Weaning compression stockings is medically necessary for patients who have serious circulation problems in their feet and legs. Compression socks are often made of nylon or lycra blends and have elasticity built in to help the blood flow better than the feet up through the calves. In order to do their job, these support socks need to fit snugly, so they are not as easy to put on as regular socks. Their soft, slippery surface feels good on tired legs, but can create challenges pulling them on for those without a strong grip or hand dexterity. There are several products available to help make it easier to don compression socks. Which method to use is generally a matter of personal preference and ease, depending on the patient.
The compression stocking material is sometimes slick, so the hands and fingers need extra grip. Donning gloves provide just that. Some are made of rubber, while others are made of cotton blends and dipped in latex. Some are latex-free. Regardless of the type of fabric used, donning gloves provide traction. They frequently have textured fingertips and palms for added grip. These gloves are typically manufactured by the same companies that make compression garments.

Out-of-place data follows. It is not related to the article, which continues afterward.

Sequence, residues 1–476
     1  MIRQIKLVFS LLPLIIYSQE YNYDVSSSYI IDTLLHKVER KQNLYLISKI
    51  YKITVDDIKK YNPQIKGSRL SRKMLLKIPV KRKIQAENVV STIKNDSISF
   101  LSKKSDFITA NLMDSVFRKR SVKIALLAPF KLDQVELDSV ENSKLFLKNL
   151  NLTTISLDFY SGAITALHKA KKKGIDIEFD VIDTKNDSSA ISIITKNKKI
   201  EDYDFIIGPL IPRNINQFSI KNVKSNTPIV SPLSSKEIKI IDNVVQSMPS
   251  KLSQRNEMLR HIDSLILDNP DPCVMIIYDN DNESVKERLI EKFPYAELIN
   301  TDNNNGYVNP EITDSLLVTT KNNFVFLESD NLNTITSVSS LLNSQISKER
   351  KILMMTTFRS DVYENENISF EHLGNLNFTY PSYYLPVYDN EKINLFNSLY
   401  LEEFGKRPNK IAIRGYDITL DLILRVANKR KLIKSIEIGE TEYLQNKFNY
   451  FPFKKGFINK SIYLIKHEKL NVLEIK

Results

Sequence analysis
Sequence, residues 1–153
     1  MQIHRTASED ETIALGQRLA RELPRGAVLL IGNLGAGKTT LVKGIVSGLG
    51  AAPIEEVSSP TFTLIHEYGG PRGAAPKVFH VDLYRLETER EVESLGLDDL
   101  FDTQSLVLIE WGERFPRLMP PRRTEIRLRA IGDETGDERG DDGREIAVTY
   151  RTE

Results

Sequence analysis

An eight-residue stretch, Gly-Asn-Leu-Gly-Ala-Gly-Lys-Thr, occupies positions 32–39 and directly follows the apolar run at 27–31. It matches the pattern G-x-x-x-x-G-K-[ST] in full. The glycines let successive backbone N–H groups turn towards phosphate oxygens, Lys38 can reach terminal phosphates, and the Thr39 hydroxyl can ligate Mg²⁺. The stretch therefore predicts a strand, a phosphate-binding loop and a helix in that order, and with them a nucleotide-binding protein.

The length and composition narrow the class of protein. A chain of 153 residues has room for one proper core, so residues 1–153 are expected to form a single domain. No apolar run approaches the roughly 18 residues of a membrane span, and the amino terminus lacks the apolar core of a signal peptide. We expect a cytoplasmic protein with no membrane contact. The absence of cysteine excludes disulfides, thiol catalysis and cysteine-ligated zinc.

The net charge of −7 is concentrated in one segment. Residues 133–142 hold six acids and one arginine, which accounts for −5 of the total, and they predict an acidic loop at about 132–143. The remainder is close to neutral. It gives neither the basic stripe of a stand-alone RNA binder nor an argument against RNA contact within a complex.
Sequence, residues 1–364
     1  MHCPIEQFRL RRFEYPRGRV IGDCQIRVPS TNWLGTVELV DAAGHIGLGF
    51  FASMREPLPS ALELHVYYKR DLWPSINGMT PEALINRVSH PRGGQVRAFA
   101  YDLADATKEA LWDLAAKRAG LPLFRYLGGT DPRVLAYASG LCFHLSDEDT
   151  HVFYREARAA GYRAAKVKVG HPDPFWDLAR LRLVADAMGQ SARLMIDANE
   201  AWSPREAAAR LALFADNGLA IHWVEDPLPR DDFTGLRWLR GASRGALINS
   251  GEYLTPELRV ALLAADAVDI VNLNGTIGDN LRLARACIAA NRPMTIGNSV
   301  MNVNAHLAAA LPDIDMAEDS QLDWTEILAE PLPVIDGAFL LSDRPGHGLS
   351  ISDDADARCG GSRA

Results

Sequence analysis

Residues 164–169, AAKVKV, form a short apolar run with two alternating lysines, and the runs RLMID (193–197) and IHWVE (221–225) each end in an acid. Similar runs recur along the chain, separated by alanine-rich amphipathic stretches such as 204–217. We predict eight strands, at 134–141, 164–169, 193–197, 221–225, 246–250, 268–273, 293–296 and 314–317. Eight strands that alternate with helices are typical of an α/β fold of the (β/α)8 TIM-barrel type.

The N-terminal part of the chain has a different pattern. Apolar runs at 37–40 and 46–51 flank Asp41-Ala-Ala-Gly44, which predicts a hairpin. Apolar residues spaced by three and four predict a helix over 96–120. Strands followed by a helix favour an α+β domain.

Donning devices are made of hard plastic or metal and shaped like a taco shell. Stockings are slipped over the donner to the heel pocket. The foot is then placed inside the open sock and the device is removed, leaving the stocking on the foot. Some donning devices are specifically designed for patients with bandages, sores or skin conditions to avoid rubbing and sliding against the fabric. Most types can be used for both open-toe and closed-toe models. These come in different sizes to suit the patient, and some have extra handle accessories.
Fitting Lotions and Sprays
Skin lubricant gives compression stockings a soft surface to slide over, making it easy to pull on the support socks. They come in lotions and sprays, depending on the brand. Some are hypo-allergenic. The fitting solution is applied to the leg just before donning the stocking.
Slides are used in open-toe compression stockings. The foot is slipped into the cone-shaped slide, with the toes at the pointed end. The support stocking is rolled into place over the slick slide material. The slide is then folded out through the open toe. These come in different sizes and some are machine washable.
Sometimes assistance is needed to take the garments off, as well. Donning gloves help them to slide down. When the heel area is cumbersome, donning devices designed for putting them on and taking them off are effective. Some types are designed for removal only.